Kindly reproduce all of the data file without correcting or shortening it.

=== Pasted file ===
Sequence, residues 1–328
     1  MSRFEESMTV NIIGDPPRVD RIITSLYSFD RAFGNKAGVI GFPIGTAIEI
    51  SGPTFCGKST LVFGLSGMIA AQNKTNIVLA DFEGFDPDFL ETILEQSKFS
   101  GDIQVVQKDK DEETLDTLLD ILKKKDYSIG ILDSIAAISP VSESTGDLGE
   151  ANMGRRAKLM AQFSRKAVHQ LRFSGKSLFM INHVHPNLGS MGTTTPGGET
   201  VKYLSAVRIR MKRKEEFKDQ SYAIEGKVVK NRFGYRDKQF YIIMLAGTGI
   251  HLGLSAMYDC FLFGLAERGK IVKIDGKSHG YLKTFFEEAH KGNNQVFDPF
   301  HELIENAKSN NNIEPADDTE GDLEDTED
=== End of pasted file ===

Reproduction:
Sequence, residues 1–328
     1  MSRFEESMTV NIIGDPPRVD RIITSLYSFD RAFGNKAGVI GFPIGTAIEI
    51  SGPTFCGKST LVFGLSGMIA AQNKTNIVLA DFEGFDPDFL ETILEQSKFS
   101  GDIQVVQKDK DEETLDTLLD ILKKKDYSIG ILDSIAAISP VSESTGDLGE
   151  ANMGRRAKLM AQFSRKAVHQ LRFSGKSLFM INHVHPNLGS MGTTTPGGET
   201  VKYLSAVRIR MKRKEEFKDQ SYAIEGKVVK NRFGYRDKQF YIIMLAGTGI
   251  HLGLSAMYDC FLFGLAERGK IVKIDGKSHG YLKTFFEEAH KGNNQVFDPF
   301  HELIENAKSN NNIEPADDTE GDLEDTED